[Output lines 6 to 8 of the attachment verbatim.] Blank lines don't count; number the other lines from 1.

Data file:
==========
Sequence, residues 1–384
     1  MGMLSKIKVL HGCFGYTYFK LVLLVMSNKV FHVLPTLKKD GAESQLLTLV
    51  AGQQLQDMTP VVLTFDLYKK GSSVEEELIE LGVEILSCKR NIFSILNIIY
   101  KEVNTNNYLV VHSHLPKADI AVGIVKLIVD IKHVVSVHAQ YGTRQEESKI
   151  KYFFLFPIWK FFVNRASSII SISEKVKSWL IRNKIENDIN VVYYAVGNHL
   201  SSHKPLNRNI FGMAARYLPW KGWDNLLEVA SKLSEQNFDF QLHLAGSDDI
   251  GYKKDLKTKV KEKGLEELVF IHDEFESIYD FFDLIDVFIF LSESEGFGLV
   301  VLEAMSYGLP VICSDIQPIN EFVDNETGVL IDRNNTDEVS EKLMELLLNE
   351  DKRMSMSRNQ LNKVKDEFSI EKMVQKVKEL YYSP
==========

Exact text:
   201  SSHKPLNRNI FGMAARYLPW KGWDNLLEVA SKLSEQNFDF QLHLAGSDDI
   251  GYKKDLKTKV KEKGLEELVF IHDEFESIYD FFDLIDVFIF LSESEGFGLV
   301  VLEAMSYGLP VICSDIQPIN EFVDNETGVL IDRNNTDEVS EKLMELLLNE